“Need not apply”: Sanctuary
Here’s an episode I always remember being ambivalent about. It’s one of those situations where it always seemed like it was something I should like, but somehow it never quite clicked with me for one reason or another. Each time I would rewatch this episode (or, given where it falls in the year and the fact it’s a Star Trek: Deep Space Nine episode more generally, re-read) I would expect it to be good given my mental sorting algorithm filed it away as part of a stretch of episodes I’d just accepted as classic outright, and then I would always leave it feeling vaguely unsatisfied for reasons I couldn’t quite put my finger on. Well, the same thing happened this time, except now I know exactly why this episode has never struck a chord with me.
“Sanctuary” is ostensibly trying to Say Something Important about the plight of refugees, a humanitarian crisis that’s sadly just as pressing as I write these words now as it was in 1993, if not more so. This means of course it’s an “Issues” story, and we’ve just come off of a stretch of episodes that have proven pretty conclusively that “Issues” stories simply do not work in Star Trek in spite of what everyone thinks. Even though its cause is a just and noble one, “Sanctuary” doesn’t work any better than “Force of Nature” or “Melora” (indeed, those episodes’ respective causes were every bit as just and noble as this), and in fact it’s “Sanctuary” that casts into light even more stark why this kind of morality play is a bad fit for Star Trek: The Next Generation and Star Trek: Deep Space Nine.
It’s not, it should be stressed, that the depiction of a refugee crisis in this episode is a poor or ill thought out one: Indeed, the depiction is, if anything, depressingly realistic: Deep Space 9 becomes a staging ground for millions upon millions of starving and displaced refugees escaping oppression in their homeland. They’ve made a harrowing journey across great distances and the only thing that’s kept them going is the hope that their new home will afford them the realised dream of freedom denied them where they come from. But once they arrive, they find locals whose attitude runs a gamut between reluctant to help and outright bigoted and contemptuous. There’s even the reveal that the Skrreeans (which, as an aside, is a name for a fictional culture right up there with BeBeBeBeque in terms of sheer trollishness) see Bajor as their own holy land, a forsaken planet they are prophesied to bring light and hope back to. Which is of course a plot point clearly reminiscent of a certain real-world political situation in the middle east.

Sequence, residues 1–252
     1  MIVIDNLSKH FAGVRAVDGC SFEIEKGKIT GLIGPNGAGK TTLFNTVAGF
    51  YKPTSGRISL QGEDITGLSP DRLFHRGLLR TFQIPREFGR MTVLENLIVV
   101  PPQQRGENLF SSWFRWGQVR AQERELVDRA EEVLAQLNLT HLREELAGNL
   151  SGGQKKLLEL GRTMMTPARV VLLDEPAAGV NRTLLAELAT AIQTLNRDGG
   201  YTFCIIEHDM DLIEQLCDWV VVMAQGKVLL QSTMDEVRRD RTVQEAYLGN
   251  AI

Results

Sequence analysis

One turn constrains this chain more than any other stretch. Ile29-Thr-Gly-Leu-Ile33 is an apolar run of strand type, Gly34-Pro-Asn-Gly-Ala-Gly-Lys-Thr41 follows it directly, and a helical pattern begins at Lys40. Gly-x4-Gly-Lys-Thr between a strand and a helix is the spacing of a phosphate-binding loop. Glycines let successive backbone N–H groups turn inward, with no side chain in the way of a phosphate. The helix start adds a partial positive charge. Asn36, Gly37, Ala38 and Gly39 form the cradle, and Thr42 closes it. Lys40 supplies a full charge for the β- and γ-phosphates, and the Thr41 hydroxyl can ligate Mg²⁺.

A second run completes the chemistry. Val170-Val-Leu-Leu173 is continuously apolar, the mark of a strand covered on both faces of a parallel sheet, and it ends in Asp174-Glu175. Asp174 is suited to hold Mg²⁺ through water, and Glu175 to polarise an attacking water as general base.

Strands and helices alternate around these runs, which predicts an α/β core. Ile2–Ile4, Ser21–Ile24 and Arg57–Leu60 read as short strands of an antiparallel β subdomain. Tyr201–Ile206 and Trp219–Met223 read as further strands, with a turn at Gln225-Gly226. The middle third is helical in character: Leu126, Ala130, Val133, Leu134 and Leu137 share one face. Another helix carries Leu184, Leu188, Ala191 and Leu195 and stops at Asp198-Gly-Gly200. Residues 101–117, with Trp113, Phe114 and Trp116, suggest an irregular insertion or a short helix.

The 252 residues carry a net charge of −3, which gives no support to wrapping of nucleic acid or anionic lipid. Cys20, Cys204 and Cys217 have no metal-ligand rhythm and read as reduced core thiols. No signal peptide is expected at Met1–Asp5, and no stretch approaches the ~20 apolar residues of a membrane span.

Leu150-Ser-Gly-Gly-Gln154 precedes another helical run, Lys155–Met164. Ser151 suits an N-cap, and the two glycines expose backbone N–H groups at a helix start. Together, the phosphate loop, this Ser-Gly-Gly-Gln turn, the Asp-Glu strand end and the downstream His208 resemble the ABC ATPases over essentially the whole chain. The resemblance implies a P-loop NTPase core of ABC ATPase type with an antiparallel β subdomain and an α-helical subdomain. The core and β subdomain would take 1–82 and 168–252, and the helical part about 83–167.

But though there are parallels between the plight of the Skrreeans and the great western identity crisis that is the Israeli-Palestinian-Christian conflict, the clearest connections are to the history of the United States, which “Sanctuary” has pegged depressingly well. Although it talks up its alleged heritage as a country built on immigration as part of its national jingoistic ego, the United States actually has a long history of treating those same immigrants with distrust, fear, scorn and disdain (this is true of all nation-states to some degree or another, though I suspect it’s especially true for the United States), typically subjecting them to dehumanizing apartheid-like living conditions and social structuring. The first and greatest sin of the United States is of course slavery and a slave economy, where entire ethnic groups were involuntarily relocated to the country and treated as property. But the trend continues throughout the country’s entire history, as each new and distinct group of immigrants faces oppression and discrimination: Catholics, the Irish, Jews, the Japanese, Arabs, Mexicans, Muslims, and so it goes, seemingly without end forever. This is, of course, on top of the genocide the country enacted on the native peoples of North America, whose homeland they conquered and stole from them: There’s not an Other that can be invented the United States can’t be taught to hate.